Military power of attorney. This gives someone like a spouse or family member the right to pay bills, make financial decisions, and take other actions while you are serving your country and can't be contacted, or the technology available to you is weak. This kind of power of attorney can be vital; most servicepeople assign this role to someone. The key is choosing the right person.
How to set up a power of attorney
As soon as you turn 18 and your parents or guardians no longer have the power to make healthcare decisions, you can consider setting up healthcare power of attorney. To get started, here are the basics on how to do that and decide on other power of attorney types.
- Decide what kind of power of attorney you need. This may sound simple, but there are legal subtleties that aren't obvious to someone unfamiliar with this. So get good advice from a reliable source and make sure you understand the distinctions.
- Write your power of attorney or find a POA document that you can use and amend it to meet your needs. Laws are different in every state, so ensure that the legal documents you are using follow your state's laws. Consider turning this part of the job over to your attorney. Yes, you can draft your own power of attorney without the help of a lawyer. But if it is a complex legal document and you are unsure what it should include, getting legal advice is a smart move.
- Select candidates to be your attorney- or attorneys-in-fact. Talk to them. Make sure they understand their duties and are willing and able to carry them out. You can also name alternatives.
- Arrange for them to sign the document. In most states, this will involve having witnesses and a notary to validate both your and their signatures.
- File the document correctly. This is another detail that varies by state. In Texas, for instance, powers of attorney must be filed with the court in the county in which you live or hold property. In any case, keep copies of your documents in a safe place. If you put a copy in your home safe or a safety deposit box, keep one someplace accessible, like a filing cabinet in your home or office. Give a copy to your attorney-in-fact. Your doctor should also have a copy of your healthcare power of attorney. If you are having a procedure such as surgery, take a copy of your healthcare POA with you and share it when you first check in to the facility.
- Getting married, divorcing, moving to a different area, or taking a different job that requires travel or could be dangerous are all reasons to review your powers of attorney. In other words, if the people and situations in your life change, so should your powers of attorney. Yes, you can revoke power of attorney at any time as long as you are of sound mind. If you change states, your new state will probably acknowledge your current power of attorney, but you should quickly update it to follow the laws of your current state.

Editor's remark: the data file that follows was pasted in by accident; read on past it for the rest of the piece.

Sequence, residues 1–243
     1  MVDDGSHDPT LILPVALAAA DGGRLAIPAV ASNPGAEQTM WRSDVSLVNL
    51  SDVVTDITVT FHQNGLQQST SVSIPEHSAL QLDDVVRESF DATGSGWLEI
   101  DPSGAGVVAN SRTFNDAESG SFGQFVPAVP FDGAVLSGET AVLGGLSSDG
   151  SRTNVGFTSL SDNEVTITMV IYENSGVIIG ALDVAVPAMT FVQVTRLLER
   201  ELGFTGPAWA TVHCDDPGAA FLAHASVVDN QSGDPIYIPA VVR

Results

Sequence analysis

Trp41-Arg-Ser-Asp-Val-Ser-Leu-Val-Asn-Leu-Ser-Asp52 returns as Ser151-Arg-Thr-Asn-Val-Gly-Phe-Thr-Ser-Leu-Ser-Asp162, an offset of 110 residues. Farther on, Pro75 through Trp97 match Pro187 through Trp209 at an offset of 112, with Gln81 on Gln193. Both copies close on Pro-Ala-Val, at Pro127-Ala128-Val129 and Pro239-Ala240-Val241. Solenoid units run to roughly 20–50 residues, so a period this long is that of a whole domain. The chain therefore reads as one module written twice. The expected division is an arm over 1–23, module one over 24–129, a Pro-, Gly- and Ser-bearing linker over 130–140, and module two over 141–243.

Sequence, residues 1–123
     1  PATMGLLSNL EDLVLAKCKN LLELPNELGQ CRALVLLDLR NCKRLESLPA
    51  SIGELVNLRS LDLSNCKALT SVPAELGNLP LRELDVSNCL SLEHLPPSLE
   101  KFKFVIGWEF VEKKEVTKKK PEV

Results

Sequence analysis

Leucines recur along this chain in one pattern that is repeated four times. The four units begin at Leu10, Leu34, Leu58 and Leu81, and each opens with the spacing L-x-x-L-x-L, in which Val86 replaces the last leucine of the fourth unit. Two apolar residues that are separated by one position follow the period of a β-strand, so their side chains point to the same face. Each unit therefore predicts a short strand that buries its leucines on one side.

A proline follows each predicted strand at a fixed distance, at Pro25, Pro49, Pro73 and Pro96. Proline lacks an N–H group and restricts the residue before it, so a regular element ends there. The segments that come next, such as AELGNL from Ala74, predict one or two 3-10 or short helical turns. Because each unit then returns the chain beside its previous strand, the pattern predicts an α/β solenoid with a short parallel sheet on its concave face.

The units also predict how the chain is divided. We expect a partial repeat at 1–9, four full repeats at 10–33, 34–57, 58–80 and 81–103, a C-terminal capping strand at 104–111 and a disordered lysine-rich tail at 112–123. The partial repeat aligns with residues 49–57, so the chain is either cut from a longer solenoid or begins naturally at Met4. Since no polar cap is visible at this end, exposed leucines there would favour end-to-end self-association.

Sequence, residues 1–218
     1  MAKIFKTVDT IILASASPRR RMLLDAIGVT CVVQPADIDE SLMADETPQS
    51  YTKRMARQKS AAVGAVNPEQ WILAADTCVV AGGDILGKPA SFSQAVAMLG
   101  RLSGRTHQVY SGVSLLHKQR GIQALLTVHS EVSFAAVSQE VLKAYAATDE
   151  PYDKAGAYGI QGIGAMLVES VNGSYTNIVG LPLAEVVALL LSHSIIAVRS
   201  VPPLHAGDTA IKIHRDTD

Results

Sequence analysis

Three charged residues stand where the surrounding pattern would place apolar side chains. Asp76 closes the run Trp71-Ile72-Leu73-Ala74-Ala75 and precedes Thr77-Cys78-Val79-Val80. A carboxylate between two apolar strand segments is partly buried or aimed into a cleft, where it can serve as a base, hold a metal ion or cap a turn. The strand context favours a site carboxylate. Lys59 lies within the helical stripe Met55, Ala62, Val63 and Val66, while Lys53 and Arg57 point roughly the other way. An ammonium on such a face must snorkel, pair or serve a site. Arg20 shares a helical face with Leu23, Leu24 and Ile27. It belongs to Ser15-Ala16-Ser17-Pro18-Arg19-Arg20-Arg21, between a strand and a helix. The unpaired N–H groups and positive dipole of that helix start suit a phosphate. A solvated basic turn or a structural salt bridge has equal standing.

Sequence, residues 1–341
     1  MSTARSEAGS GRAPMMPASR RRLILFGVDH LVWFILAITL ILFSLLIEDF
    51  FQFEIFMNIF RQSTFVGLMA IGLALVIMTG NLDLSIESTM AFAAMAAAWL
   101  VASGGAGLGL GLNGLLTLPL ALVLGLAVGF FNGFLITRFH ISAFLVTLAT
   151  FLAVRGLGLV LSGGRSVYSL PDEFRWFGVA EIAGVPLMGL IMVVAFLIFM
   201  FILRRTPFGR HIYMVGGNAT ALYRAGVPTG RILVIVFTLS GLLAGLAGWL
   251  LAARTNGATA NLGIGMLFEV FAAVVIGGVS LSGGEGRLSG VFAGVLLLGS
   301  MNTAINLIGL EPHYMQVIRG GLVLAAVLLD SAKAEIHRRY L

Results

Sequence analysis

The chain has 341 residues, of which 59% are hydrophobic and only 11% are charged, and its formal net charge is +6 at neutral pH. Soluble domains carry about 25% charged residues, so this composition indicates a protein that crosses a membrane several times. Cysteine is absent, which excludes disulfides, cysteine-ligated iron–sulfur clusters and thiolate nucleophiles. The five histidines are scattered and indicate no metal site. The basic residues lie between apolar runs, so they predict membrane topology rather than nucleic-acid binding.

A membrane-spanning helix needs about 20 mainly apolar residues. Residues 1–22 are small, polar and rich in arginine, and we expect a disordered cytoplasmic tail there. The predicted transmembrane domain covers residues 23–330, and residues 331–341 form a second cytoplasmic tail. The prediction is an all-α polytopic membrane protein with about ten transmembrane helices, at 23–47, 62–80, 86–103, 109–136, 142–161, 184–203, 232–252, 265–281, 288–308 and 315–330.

Military powers of attorney are unique
Military powers of attorney give spouses and loved ones the ability to handle many details of daily living that service people who are deployed outside of the 50 states can face. Here are some examples:
- A servicemember is deployed, and a spouse or partner needs to register a newborn in the Defense Enrollment Eligibility Reporting System (DEERS). This is a database of active-duty and retired service members, family members, and others eligible for TRICARE health services.
- Permission to rent, buy, or refinance a home jointly or just in the service member's name
- Permission to buy or sell a vehicle jointly or solely owned by a service member
- Allow someone to receive or store household goods even though they aren't on the ownership paperwork
- Replace identification for a dependent
- Make travel claims at the finance office
If you are a serviceperson, get a military attorney to help you prepare and sign the appropriate power of attorney. Military legal assistance offices are located on almost every base, ship, and installation. Visit the U.S. Armed Forces Legal Assistance locator to find the office nearest your location.
Disadvantages and liabilities to powers of attorney
Like everything else, giving or having power of attorney has occasional drawbacks.
Here are three reasons you want to think hard about giving someone you don't know well and trust your power of attorney.
- Your lawyer-in-fact can handle things in ways you might not approve. And they potentially can do something that is hurtful to you. For people who accept the job, there are few legal liabilities. A lawyer-in-fact will only be held responsible if you can prove intentional misconduct. If they make an honest mistake, they can't be held legally responsible.
- You are the only person providing oversight of your agent's actions. This limited power has led, in some cases, to elder abuse.
- Because of the potential for abuse, some banks, government offices, and other institutions that deal with financial matters don't accept powers of attorney.
What's good about powers of attorney
Putting power of attorney in the hands of someone you trust can give you peace of mind that your wishes will be carried out even if you aren't in a position to handle your financial and medical matters yourself.
A well-written power of attorney can make your intentions clear, protect your assets, ensure that your loved ones are taken care of, and prevent any allegations of financial mismanagement. If you travel frequently, powers of attorney can provide significant convenience.
Find out more about power of attorney